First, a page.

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What’s in your trash?

Alan November @globalearner tweeted today:
Stephen Heppell to principals in Sydney, “Where is your students’ best work?” Where is your best work as a student? Trasheap?

This made me think – and I guess that’s why Alan November took the time to tweet it – about work that students do in school.

Where IS the best work my students have done?  I can think back and recall some wonderful work by many of my students.  I wonder if they remember any of those pieces?  Have any of them kept any?

When I think about my own work I first have to wonder what would be considered my “best work” as a student.  Was it the work I got the highest marks for?  Was it the work I put the most effort into? Are these two categories necessarily a similar set of work?

When I taught grade 7 my school was at the end of a driveway which placed the school behind homes and apartment buildings on a residential street.  On the last day of June, we knew we’d have calls from homeowners about the mess of their yards as students left school and scattered the contents of their binders on the street.  Aside from the lack of respect for the environment and their community what did this say about their attitude toward, and opinion of, the work they had created?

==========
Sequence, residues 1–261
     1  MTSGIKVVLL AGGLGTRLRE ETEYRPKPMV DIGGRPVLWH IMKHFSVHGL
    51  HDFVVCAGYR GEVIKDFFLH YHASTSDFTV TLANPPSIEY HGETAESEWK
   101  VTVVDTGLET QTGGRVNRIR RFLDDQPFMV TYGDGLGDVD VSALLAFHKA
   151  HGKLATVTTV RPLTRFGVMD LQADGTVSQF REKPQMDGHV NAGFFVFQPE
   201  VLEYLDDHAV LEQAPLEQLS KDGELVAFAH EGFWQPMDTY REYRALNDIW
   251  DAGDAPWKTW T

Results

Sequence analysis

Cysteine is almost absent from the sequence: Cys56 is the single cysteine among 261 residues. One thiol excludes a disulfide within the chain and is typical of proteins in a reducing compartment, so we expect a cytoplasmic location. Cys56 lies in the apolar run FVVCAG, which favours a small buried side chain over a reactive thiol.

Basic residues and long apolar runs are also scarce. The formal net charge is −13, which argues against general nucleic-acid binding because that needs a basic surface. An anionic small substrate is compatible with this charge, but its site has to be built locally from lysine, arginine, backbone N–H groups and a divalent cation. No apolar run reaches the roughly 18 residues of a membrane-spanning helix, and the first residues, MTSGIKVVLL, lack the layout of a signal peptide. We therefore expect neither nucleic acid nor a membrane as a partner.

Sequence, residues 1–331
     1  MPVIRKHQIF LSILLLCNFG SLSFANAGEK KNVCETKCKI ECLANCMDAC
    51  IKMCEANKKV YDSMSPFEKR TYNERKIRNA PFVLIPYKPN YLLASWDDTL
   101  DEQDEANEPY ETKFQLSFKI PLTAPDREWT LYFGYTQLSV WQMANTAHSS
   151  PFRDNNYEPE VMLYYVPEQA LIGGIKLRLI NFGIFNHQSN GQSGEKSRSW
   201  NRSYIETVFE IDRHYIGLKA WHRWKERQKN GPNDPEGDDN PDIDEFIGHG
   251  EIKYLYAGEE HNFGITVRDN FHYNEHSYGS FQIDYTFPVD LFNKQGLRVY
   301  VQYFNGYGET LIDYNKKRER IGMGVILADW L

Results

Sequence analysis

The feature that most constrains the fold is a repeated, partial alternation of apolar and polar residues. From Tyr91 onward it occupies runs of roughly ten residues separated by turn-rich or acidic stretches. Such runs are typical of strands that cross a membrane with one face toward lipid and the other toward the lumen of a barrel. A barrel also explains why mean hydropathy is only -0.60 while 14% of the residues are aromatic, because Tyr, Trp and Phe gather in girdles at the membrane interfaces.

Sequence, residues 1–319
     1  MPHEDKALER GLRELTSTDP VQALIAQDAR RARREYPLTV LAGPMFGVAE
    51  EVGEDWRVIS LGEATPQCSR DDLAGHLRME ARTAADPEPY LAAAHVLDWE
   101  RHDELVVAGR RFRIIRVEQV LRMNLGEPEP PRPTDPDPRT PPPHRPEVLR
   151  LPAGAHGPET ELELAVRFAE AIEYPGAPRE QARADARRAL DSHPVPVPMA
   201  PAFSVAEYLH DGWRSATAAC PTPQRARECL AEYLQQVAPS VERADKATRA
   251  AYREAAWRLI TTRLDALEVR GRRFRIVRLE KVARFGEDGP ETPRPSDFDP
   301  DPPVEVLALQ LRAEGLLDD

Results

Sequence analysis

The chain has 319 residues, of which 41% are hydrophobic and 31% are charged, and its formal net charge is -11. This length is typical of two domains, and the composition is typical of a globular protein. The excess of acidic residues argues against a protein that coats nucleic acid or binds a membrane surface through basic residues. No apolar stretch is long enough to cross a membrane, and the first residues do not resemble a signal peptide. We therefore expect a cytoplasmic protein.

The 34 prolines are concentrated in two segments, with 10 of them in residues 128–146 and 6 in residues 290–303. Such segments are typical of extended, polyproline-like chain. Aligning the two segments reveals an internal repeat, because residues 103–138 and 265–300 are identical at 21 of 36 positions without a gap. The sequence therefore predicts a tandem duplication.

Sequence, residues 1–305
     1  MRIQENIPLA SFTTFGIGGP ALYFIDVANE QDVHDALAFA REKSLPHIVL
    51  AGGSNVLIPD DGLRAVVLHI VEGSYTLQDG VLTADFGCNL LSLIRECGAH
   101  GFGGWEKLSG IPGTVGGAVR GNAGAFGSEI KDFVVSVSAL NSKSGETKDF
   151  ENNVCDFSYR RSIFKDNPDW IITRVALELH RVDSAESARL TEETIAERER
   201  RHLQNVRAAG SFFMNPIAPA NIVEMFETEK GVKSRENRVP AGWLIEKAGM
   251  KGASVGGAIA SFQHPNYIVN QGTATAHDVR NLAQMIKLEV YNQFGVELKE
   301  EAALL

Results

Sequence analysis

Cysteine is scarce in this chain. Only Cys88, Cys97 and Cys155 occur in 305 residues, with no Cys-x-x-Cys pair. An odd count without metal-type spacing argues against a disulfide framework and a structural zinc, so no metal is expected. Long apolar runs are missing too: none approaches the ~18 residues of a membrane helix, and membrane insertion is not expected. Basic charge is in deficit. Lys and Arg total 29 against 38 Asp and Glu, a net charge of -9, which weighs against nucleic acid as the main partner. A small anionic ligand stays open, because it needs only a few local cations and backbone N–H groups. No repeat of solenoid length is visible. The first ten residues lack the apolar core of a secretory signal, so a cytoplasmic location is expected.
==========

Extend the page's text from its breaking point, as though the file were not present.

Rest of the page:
I recall in lower grades bringing work home from school and demanding my parents’ attention as I explained to them how I created a certain piece of macaroni art, wrote a new story or accomplished a satisfactory mark on a test.  That enthusiasm faded as I moved into higher grades and was pretty much completely gone by the time I reached junior high.

For the most part, I would say the same for the students I’ve taught.  My nephews who are in the early years of elementary school are eager to have their work posted on the refrigerator but it was a battle to get my grade 7 students to engage in conversation with parents about their school work.

Why don’t more students have pride in what they produce in school?  Why does “best work” often end up in the trash?

If students do meaningful work in school, wouldn’t they be proud of it, keep it, show it to parents, family and friends?  How can we change the trend?

For the last two years I’ve been a co-chair of our regional science fair.  In that position I’ve seen about 100 students from grades 7 to 12 gather with their projects. These are not all model students, but they are all students who are excited about their work, happy and proud to show it and talk about it, and almost without exception, these students have chosen projects and research that speaks to them in some way.  It is work to which they have a personal connection and passion.

Perhaps that is the difference.

Some will read this and reflect on theory and best practice and think, “He’s not saying anything new!”  Perhaps that’s correct – it IS my first blog post after all! – but my question to you is this: “Is BEST practice in this case also COMMON practice?”

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